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Video: Sustainability: The New Business Model Opportunities

Since 2010, MIT Sloan Management Review and The Boston Consulting Group (BCG) have been charting how organizations are responding to sustainability as a source of competitive advantage. This year we found that nearly 50 percent of companies have changed their business model because of sustainability opportunities. In this video, David Kiron, executive editor at MIT SMR, and Eugene Goh, a principal with BCG, discuss highlights of the report and specific company examples.

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How to Use Analogies to Introduce New Ideas

While change and innovation clearly produce much of the turbulence that besets modern businesses, research suggests that change itself is not the culprit, but rather how organizations perceive and cope with change. Both people and organizations rely on analogies to help them comprehend change, including the meaning and potential of new technologies, systems and processes. But do all analogies function in the same way? How strongly should organizations adhere to their chosen analogies?

Image courtesy of Ultimaker.

Innovation Lessons From 3-D Printing

3-D printing is the printing of solid, physical 3-D objects. “Just as the Web democratized innovation in bits, a new class of ‘rapid prototyping’ technologies…is democratizing innovation in atoms,” Wired magazine’s longtime editor-in-chief, Chris Anderson, stated in Makers: The New Industrial Revolution. Indeed, open-source 3-D printing fits in with the general trend of open-source innovation by collaborative online communities. The big question: How should existing companies respond?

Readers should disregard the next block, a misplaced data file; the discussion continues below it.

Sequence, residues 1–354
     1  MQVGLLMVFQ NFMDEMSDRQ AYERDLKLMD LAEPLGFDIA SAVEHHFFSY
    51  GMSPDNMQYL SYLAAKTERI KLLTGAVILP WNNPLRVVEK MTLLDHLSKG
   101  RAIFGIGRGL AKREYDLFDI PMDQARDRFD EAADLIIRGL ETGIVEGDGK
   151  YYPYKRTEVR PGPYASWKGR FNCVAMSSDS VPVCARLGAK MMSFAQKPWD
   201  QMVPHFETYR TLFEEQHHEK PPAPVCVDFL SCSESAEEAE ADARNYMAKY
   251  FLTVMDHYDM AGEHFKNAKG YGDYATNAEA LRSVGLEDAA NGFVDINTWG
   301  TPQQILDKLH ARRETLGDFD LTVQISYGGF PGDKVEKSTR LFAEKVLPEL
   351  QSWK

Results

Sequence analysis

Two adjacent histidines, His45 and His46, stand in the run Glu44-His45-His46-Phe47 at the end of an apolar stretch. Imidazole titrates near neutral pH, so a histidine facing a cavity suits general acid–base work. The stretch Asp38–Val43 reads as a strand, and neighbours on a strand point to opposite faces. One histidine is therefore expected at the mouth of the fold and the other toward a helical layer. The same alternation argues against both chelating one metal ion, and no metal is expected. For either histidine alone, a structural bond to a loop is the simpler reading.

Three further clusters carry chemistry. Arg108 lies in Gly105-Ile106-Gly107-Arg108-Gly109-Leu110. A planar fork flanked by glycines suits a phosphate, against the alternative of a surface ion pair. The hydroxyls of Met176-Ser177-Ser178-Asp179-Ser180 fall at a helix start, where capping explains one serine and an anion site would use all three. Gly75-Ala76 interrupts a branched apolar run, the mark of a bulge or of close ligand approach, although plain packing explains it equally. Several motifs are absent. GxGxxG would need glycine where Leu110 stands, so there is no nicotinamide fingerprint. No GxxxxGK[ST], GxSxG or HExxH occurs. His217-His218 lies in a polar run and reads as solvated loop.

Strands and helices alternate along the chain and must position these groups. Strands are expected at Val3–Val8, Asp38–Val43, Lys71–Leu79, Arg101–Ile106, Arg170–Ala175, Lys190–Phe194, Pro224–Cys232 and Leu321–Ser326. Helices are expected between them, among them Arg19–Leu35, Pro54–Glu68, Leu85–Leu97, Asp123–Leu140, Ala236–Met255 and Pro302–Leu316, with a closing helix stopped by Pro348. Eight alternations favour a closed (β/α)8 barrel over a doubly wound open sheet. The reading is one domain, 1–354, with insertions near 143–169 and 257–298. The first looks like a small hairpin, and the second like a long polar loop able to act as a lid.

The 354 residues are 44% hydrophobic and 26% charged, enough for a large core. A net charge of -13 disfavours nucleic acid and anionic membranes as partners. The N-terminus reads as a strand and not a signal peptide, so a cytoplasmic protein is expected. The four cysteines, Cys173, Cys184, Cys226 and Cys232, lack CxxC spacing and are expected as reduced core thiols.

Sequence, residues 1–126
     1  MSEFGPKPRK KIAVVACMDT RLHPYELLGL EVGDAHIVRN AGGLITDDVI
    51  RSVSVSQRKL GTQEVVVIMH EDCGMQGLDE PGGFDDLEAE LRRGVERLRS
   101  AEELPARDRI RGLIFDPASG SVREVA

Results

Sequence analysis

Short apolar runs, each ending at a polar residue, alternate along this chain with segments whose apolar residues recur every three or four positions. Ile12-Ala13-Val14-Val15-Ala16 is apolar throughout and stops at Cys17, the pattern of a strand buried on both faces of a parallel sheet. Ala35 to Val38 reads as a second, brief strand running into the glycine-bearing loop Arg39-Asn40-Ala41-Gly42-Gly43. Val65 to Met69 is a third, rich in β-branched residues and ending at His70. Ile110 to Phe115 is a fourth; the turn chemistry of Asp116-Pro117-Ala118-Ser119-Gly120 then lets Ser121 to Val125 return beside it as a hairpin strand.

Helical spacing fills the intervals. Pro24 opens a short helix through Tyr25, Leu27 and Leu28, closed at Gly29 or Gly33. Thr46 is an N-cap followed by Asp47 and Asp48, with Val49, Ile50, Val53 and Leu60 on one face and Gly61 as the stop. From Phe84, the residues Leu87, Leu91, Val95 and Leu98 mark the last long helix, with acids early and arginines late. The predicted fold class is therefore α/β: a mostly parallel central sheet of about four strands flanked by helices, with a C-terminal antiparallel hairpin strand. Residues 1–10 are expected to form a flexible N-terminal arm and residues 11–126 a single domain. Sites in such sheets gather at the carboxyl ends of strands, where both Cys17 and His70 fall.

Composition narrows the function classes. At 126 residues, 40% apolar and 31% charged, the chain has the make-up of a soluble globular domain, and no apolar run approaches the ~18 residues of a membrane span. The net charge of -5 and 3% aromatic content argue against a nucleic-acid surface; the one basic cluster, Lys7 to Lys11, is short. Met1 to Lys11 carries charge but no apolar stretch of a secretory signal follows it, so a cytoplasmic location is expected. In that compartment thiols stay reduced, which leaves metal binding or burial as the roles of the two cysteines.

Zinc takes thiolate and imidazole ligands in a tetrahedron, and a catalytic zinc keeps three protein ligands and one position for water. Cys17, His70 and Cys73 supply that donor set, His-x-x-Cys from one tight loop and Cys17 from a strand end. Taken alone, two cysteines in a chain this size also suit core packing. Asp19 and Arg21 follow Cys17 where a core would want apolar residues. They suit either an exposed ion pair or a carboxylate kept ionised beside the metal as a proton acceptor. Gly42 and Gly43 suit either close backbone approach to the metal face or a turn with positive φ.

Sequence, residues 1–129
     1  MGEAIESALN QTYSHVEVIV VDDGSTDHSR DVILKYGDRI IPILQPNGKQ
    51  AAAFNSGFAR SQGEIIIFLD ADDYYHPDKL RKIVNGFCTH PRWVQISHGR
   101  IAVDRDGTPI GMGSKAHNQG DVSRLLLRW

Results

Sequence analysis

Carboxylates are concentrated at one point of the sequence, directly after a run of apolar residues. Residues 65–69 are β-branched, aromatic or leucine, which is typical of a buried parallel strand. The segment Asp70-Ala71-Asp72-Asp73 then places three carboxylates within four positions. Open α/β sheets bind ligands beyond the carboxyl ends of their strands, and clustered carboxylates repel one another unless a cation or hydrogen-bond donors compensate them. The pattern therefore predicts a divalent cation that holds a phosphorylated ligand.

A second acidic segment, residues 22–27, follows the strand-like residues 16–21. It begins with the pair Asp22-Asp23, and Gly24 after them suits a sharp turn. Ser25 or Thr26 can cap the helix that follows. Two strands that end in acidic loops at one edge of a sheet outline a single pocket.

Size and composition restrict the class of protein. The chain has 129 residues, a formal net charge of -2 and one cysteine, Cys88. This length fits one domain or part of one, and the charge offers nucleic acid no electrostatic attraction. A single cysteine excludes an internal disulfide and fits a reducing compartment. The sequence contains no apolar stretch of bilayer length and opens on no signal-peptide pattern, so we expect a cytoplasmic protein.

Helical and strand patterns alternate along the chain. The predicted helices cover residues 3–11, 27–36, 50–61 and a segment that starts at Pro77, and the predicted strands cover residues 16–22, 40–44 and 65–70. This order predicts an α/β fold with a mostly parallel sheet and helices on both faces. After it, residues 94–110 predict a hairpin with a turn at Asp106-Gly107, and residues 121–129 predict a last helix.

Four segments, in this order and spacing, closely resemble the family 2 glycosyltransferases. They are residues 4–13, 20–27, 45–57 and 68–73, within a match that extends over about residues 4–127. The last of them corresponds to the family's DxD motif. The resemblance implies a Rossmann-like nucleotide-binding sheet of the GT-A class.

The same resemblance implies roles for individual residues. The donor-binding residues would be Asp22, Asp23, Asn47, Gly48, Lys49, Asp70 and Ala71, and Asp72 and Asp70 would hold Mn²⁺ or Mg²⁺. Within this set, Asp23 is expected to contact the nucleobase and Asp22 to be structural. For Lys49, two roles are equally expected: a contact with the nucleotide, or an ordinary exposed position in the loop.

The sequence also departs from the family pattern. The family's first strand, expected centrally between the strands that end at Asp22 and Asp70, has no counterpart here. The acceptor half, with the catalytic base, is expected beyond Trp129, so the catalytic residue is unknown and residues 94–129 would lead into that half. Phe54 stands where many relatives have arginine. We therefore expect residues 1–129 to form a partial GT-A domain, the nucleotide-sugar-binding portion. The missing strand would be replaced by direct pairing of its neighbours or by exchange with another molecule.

Image courtesy of Kyocera.

Amoeba Management: Lessons From Japan’s Kyocera

A persistent challenge for companies as they grow is how to maintain the high level of dynamism and employee commitment that drove success in the early days. Over the years, thoughtful managers and management theorists have formulated many approaches for dealing with the problem, all aimed at giving managers and employees more responsibility and accountability for the performance of their own profit centers. But few companies have taken things as far as Kyocera Corp.
Image courtesy of Novartis.

How to Create Productive Partnerships With Universities

University-business collaborations are an increasingly important source of research and development for many companies. Yet despite their importance, many companies take much less care managing these relationships than they do those with their vendors or customers. As a result, business-academic collaborations often fail to achieve as much as they might. By taking a more structured approach, companies can improve the performance of their academic research partnerships.

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What It Takes to Be a Serial Innovator

It’s not easy to develop a breakthrough innovation in an established company and bring it to market successfully — and even more challenging to do so more than once. In their new book, Serial Innovators: How Individuals Create and Deliver Breakthrough Innovations in Mature Firms, authors Abbie Griffin, Raymond L. Price and Bruce A. Vojak describe several years of research they have conducted about a type of employee who can do just that.

Enrico Moretti, courtesy of Houghton Mifflin Harcourt
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The Multiplier Effect of Innovation Jobs

  • Blog
  • Read Time: 3 min 

Because of a multiplier effect, each new high-tech job in the U.S. creates five additional jobs in the service economy, says economist Enrico Moretti.

Image courtesy of Novo Nordisk A/S.

How to Become a Sustainable Company

Trends suggest that the public is no longer satisfied with corporations that focus solely on short-term profits. A recent study comparing companies that adopted environmental and social policies with companies that didn’t supports this view. However, few companies are born with a commitment to sustainability. To develop one, companies need leadership commitment, an ability to engage with multiple stakeholders along the value chain, employee engagement and disciplined mechanisms for execution.

Image courtesy of Apple Inc.
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How to Identify World-Changing Innovation

  • Blog
  • Read Time: 2 min 

Anyone trying to figure out which kinds of innovation are most worth paying attention to has to come up with ways to, as Wired magazine puts it, “size up ideas and separate the truly world-changing from the merely interesting.” Here are seven things to look for.